With the world gripped by uncertainty, Stéphane Rolland thought he would propose a new aesthetic.
“I did a collection that remains pure, graphic, architectural, but with a construction based more on comfort, like a cocoon — but ultra sophisticated,” is how he described it.
Hopping to the challenge of presenting on a screen, the designer drew influence from Denise Glaser’s “Discorama,” a popular French television show from the Sixties and Seventies, known for intimate camera shots — and conversations — in a nearly empty studio.
It was an effective backdrop for the looks, 11 in total, shown on Nieves Álvarez, who strode back and forth and around the space with only a hovering spotlight or two as props. Álvarez was accompanied with Seventies-cinematic music, with the occasional burst of saxophone, or a sudden crescendo of organ music, adding drama to the more spectacular pieces — like a slinky, body-hugging dress in stretchy black crepe with oversize ruffles jutting off a mostly-bare back and running down one side.
“You can tell a story with 10 looks like you can tell a story with 40 — it’s not the number that counts, it’s the message you transmit,” he explained.
It was a story of capes, hoods, sheath dresses, curved bustiers shielding the chest Wonderwoman style, harem-pant jumpsuits and hand-blown glass embellishments that fanned across a bosom like a tiara. There were no prints, but sprinkles of glass beads and crystals added texture. Infused with nostalgia, the collection was both playful and luxurious — in the lounge-around-looking-sultry sense.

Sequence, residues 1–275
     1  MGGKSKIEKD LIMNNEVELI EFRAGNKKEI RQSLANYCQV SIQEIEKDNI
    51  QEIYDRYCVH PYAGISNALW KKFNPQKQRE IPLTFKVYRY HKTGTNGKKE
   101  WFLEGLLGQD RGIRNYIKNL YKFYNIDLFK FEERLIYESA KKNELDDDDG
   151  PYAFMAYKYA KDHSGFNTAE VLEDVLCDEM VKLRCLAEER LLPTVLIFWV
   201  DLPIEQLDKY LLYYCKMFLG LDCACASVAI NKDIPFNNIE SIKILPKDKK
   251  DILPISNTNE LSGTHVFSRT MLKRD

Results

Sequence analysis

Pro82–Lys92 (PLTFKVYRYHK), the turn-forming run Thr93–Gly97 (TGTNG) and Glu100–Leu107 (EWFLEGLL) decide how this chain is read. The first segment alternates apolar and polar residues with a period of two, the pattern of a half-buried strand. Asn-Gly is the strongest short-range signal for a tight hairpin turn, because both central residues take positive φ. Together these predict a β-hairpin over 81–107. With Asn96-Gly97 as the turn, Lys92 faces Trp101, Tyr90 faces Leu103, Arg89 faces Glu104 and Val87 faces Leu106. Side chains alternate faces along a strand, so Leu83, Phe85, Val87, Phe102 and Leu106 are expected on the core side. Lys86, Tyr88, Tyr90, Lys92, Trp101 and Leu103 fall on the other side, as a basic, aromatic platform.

The designer said he had been careful not to overdo things, and sought to produce the film in a measured way, without excessive costs.
“Not knowing what the future holds, I have to think of the company, of my employees,” he said, noting the house employs 25 people in France. “We’re asking ourselves a lot of questions about the future of society, the economic climate. We have to be more creative — and this is good.”